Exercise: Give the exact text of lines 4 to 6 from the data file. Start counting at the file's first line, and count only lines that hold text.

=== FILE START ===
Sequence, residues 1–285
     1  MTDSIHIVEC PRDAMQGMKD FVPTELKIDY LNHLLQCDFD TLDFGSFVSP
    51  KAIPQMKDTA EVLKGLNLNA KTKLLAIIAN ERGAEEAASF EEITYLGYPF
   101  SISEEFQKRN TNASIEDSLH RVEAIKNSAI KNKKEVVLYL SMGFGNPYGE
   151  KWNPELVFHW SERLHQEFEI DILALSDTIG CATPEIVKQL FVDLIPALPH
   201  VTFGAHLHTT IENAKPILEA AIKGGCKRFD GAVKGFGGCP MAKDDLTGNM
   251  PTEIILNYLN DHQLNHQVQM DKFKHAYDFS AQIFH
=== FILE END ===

   101  SISEEFQKRN TNASIEDSLH RVEAIKNSAI KNKKEVVLYL SMGFGNPYGE
   151  KWNPELVFHW SERLHQEFEI DILALSDTIG CATPEIVKQL FVDLIPALPH
   201  VTFGAHLHTT IENAKPILEA AIKGGCKRFD GAVKGFGGCP MAKDDLTGNM